Nature and sense navigation

The term “navigation by sense”, or intuitive navigation, suggests that navigation is something, which anyone can do intuitively, but it is of course something, which can and must be learnt, being passed down from generation to generation. 

The most used sense is that of sight. Most Vikings’ travels by water took place along coasts and on rivers and streams. Visual observation, combined with knowledge of what they saw, was all that was required.

Navigation marks

The most simple ”instrument” for finding the way is actually just an artificial helping hand in navigating according to views: the navigation mark. These could be trees, burial tombs, mountains, rivers, lakes, settlements etc. The seaman would notice the changing shapes of the landscape and especially the highest point.
A good aid to remembering landscape descriptions was provided by place names, which precisely – and often using pictorial language – describe islands, hills and woods; consider for example the island of Hjelm (helmet) in the Kattegat.

Where there was a lack of easily recognisable landmarks in the landscape, these could be erected. In Danish and Norwegian they could be called tønder or varder and appear in place names such as Tønsberg and Vardø. After the introduction of Christianity, navigation marks were preferably erected in the form of a cross. A large number of these are known from place names, for example Korshavn and Korsør. At night, a fire could serve the same purpose, and in times of strife the smoke and flames from fires, so-called beacons, were used to alert the population in the hinterland in event of attack.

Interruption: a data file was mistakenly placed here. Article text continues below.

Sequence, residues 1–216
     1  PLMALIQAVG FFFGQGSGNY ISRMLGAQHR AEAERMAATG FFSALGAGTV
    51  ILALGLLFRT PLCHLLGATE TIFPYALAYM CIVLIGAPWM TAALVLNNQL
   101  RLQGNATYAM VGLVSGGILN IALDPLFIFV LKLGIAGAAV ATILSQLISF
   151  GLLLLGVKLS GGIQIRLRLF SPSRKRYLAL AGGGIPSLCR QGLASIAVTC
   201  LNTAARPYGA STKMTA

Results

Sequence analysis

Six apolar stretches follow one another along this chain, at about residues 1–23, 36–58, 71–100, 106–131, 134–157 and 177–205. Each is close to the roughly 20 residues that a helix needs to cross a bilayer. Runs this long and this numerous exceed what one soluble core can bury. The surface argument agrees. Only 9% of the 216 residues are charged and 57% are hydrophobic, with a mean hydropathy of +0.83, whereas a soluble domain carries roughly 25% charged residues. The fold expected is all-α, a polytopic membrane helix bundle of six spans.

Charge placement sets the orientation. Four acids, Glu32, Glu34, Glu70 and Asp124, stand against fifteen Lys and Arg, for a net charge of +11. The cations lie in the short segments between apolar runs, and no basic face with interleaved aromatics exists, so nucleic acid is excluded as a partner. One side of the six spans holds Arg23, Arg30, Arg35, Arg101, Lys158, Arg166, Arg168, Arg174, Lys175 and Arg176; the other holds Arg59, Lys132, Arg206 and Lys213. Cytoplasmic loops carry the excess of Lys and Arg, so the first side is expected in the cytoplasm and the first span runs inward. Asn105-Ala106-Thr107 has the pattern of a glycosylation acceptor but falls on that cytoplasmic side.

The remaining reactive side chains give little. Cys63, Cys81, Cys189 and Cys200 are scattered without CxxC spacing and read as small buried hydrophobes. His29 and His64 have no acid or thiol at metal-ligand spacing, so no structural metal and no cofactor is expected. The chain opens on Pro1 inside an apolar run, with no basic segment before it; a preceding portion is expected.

But the other senses could also become involved, especially close to land where the sound of birds and other animals, the smell from fires and hearths and the taste of fresh water streaming out from a water course, could all form part of the collective mental picture of the landscape.

It was possible to gain a good deal of information by observing animals. Whales search for food at particular currents or streams; birds fly only a certain distance from land. Finally, it was possible to take along birds that could indicate the direction in which land lay – just consider the Bible story about Noah's Ark.

Help from locals

In unknown waters a local man who knew the waters would have been taken on board and it became important at an early stage to be able to remember information about the landscape and pass it on to one other. This could be in the form of a – a drawing or carving, depicting a characteristic section of the landscape seen from the sea. Later, these sailing directions were written down and many of them know from early Middle Age are probably from the Viking Age.

The Sun and the Stars

The position of the sun in the sky is the basis of the function of most of the astronomical navigation instruments. But even with the human senses alone, the position of the sun, if one is used to being out in the open, gives a good idea of the location of the points of the compass. The path of the sun across the sky, and the place where it rises and sets, change with the seasons and according to which latitude one finds oneself at, but the midday direction to the south can always be found.

The stars, in particular the North Star, which remains almost motionless in the direction towards north is, at night, also a good indication of direction. But in the Nordic Countries, during the light nights when almost all voyages took place in Viking times, it is too light to observe the stars properly.

It is also possible sometimes to recognise land with the aid of the clouds that are fomed above it.